I remember when they told me they needed to close the CityLink tunnels night and day for seven days to carry out maintenance work. It was the first time we had ever planned to close the tunnels for any length of time. And I must confess I felt a bit sick at the potential PR risk but a strange thrill at the challenge it presented.
VicRoads also carry out an annual maintenance program on the West Gate Bridge, and they had decided to completely close the bridge over four nights for the first time to do these works.
We knew early that Transurban and VicRoads needed a joint charm offensive to convince people about the benefits of major parts of Melbourne’s busiest freeway over the Christmas and New Year holiday break.
The justification for the works made perfect sense – it was a quieter time of year with fewer vehicles on the road. The safest and most efficient way for both organisations to complete the planned road work would be to close the tunnels and the bridge completely.
We had two key needs to ensure the success of the project – to reduce traffic on the detour routes to make sure the road could cope and to protect the reputation of VicRoads and Transurban.
But when we announced the closures in October 2013, the media weren’t convinced. The Herald Sun had put us firmly on notice, saying ‘transport authorities are already staring at a public relations disaster’. It was clear we had a lot of work to do.
Really important was careful mapping and engagement of our key stakeholders and we did this early, talking them through the plan prior to a media announcement so they were on board.
We also gathered as much information as we could to understand how best to talk to Melbourne drivers about road works and to target the right media channels to get our message out.
And we talked to anyone in Melbourne media who would listen to help build an understanding of the works, the level of planning and what we wanted drivers to do.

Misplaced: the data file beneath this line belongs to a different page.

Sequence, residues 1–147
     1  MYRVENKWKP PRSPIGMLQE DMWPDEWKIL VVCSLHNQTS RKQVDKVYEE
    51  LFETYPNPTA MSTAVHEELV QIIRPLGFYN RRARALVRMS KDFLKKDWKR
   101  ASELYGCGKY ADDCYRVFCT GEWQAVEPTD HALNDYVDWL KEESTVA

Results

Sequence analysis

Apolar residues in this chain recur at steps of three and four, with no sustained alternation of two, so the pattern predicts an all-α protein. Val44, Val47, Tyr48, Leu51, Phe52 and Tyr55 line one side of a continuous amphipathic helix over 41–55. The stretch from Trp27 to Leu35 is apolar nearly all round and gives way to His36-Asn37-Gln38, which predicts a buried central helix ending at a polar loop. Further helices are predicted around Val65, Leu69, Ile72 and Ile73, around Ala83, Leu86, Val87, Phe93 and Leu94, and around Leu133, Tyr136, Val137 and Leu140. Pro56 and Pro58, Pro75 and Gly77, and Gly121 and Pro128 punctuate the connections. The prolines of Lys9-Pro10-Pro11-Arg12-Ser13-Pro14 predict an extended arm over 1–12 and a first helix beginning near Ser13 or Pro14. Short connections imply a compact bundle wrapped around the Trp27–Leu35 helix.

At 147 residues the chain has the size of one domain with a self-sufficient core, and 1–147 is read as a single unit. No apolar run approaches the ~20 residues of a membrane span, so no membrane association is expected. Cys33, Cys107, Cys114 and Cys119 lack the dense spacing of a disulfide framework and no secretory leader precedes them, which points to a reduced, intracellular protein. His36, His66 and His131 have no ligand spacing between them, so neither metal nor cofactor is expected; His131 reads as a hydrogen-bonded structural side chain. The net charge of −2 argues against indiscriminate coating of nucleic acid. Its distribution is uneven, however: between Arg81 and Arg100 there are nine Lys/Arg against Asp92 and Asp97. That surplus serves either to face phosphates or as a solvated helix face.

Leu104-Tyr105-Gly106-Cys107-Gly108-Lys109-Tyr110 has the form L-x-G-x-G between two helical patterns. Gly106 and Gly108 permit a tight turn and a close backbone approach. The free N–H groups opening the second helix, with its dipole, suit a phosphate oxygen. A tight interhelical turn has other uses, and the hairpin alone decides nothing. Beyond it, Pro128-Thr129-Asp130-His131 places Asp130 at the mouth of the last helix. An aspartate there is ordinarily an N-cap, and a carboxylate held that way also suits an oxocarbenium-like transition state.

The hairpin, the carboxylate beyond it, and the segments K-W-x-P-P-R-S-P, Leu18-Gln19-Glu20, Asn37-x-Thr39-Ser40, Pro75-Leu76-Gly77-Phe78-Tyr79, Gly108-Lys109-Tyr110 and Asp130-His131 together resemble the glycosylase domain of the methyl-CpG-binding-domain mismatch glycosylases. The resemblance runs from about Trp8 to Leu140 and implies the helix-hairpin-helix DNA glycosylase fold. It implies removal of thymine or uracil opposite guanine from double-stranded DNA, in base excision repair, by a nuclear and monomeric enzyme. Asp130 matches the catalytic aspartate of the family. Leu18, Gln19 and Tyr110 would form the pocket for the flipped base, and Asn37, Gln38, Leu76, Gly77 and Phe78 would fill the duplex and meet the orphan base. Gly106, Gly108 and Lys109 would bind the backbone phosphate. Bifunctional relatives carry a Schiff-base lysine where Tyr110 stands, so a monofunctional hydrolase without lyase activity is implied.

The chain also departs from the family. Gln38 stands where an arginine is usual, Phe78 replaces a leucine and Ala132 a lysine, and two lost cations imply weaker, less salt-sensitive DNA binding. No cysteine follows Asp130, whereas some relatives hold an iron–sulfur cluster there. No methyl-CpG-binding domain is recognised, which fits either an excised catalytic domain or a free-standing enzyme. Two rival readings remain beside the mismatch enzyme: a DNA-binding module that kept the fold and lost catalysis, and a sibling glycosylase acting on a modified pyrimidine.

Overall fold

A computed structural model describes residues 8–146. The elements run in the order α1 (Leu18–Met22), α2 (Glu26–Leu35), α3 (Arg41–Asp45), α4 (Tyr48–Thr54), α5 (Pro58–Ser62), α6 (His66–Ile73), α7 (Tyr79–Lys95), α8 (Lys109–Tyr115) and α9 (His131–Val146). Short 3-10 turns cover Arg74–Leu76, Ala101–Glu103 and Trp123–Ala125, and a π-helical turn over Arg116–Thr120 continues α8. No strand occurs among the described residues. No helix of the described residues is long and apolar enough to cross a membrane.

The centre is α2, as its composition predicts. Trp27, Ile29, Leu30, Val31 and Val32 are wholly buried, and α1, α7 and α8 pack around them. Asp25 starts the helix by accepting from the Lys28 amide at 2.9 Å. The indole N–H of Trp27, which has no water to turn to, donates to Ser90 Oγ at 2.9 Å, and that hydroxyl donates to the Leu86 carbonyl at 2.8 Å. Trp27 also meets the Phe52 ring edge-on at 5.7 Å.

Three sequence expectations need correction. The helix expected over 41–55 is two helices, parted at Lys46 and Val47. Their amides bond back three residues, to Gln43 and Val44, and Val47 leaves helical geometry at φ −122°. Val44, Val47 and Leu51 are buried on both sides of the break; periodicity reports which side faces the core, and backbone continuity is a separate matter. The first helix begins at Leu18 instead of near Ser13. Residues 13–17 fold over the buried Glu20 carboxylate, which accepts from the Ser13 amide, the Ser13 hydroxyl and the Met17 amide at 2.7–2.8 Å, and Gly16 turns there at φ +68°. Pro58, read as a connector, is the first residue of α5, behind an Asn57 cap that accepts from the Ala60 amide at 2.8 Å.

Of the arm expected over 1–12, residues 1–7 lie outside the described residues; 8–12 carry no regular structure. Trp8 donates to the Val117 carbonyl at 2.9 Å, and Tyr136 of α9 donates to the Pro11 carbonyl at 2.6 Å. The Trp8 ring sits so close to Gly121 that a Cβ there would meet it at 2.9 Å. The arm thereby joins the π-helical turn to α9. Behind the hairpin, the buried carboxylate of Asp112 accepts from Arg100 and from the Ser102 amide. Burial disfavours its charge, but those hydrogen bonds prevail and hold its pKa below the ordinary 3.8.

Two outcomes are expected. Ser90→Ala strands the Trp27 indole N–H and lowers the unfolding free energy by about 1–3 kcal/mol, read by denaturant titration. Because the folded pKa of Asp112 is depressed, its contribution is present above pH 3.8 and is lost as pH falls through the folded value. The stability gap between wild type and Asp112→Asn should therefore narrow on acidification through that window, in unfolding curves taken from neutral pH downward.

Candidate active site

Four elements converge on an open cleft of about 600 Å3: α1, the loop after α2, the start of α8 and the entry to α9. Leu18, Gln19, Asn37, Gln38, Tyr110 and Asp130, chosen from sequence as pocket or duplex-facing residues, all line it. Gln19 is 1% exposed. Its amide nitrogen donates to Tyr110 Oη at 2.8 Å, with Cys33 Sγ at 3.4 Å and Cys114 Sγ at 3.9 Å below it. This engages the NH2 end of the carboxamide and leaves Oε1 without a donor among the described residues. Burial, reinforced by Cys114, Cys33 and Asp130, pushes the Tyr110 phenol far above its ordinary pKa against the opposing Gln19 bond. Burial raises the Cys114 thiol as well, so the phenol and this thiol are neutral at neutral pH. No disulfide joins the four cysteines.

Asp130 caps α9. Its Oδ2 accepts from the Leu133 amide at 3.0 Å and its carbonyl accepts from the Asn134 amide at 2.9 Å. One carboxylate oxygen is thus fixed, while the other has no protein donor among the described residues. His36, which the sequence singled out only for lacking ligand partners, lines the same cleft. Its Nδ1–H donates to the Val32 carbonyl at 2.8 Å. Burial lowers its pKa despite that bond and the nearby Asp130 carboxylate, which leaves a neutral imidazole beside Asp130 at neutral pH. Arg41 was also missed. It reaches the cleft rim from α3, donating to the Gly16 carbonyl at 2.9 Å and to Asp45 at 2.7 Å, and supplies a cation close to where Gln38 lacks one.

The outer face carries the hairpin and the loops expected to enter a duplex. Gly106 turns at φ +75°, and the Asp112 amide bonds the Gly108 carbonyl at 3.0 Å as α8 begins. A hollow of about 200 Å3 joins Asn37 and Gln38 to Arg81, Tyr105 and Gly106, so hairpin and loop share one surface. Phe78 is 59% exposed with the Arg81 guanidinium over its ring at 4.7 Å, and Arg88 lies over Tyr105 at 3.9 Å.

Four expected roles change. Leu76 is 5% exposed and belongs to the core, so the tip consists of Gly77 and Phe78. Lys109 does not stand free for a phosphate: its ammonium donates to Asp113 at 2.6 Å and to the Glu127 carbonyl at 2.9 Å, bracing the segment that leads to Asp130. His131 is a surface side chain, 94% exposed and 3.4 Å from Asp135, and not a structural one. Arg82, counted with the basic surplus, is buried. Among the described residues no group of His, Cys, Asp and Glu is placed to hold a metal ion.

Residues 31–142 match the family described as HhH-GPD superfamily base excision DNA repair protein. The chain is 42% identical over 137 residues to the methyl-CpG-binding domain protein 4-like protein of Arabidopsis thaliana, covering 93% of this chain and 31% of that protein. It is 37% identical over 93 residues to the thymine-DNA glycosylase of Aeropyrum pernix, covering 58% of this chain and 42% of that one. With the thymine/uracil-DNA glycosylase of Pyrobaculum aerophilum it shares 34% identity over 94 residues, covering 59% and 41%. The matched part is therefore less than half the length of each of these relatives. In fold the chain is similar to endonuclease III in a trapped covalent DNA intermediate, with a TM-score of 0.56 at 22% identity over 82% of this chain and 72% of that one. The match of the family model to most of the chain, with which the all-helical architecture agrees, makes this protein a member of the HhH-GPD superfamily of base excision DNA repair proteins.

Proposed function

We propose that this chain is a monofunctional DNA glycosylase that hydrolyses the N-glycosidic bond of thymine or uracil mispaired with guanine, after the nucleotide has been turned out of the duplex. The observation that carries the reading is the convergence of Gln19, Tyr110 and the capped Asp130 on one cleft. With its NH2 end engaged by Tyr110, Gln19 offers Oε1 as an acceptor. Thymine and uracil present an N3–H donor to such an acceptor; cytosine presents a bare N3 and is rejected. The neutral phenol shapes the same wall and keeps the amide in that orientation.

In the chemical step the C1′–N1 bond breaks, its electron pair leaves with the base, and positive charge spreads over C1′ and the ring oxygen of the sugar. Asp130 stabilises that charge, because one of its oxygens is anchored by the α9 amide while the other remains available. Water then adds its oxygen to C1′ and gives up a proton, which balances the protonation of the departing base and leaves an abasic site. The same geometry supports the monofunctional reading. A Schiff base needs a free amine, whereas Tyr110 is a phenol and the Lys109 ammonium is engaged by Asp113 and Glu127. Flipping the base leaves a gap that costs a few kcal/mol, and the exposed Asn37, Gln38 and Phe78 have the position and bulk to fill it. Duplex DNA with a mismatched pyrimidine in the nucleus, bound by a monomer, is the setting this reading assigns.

The first morning of the closures was tense. Talkback radio hosts called out for tales of ‘carmageddon’, TV crews lined the detour routes to voxpop frustrated drivers and the Herald Sun reserved the front page for a ‘car-tastrophe’ splash.
By lunch time, I was getting calls from very confused media. Where was all the traffic? Where could they get images of gridlock? But traffic was moving beautifully.
And that presented another challenge. If the media ran the message that there were no delays, it could encourage traffic back to the road …. And cause headline grabbing delays.
We avoided this by taking the media, and Melbournians, on the journey with us – taking them down to the tunnel to see the old asphalt being ground away, up to the bridge to see the new pavement laid and into our traffic management centres to see the challenges of keep Melbourne moving.
The campaign showed how media relations could help encourage behaviour change – with up to 70 percent of drivers opting to avoid the main detour route. We also managed to protect the reputation of VicRoads and Transurban, with 93 percent favourability across all media – much higher than we could have ever hoped for.
From my experience, the IABC Gold Quill program provides a valuable opportunity for evaluation – working in a fast paced communications team, it is very easy to finish working on a campaign or issue and start the next without taking the time to evaluate.
Also, we work with a lot of engineers and accountants who are often very data driven. The Quills program is a great way to quantifiably assess the value of a campaign.
Tackling the submission allowed me to reflect on what made this campaign stand out – the fantastic collaboration with the VicRoads team and how we worked towards a shared outcome. Just as our spokespeople stood shoulder to shoulder each day to take media questions, behind the scenes the communications teams mucked in to deliver a tremendous workload.
I was a first time entrant, and for those considering it next year, my advice is use all the IABC resources like the Midas Touch guide and the ’24 hour’ guide (good for the procrastinators amongst us). Also, I found the encouragement and advice from other Gold Quill winners invaluable.
To all the other Gold Quill winners congratulations, and to those considering entering next year good luck!
As the Head of Public Affairs Victoria, Ayllie White leads the communications, stakeholder engagement and media relations function for Transurban's activities in Victoria. She regularly represents Transurban as CityLink's primary media spokesperson.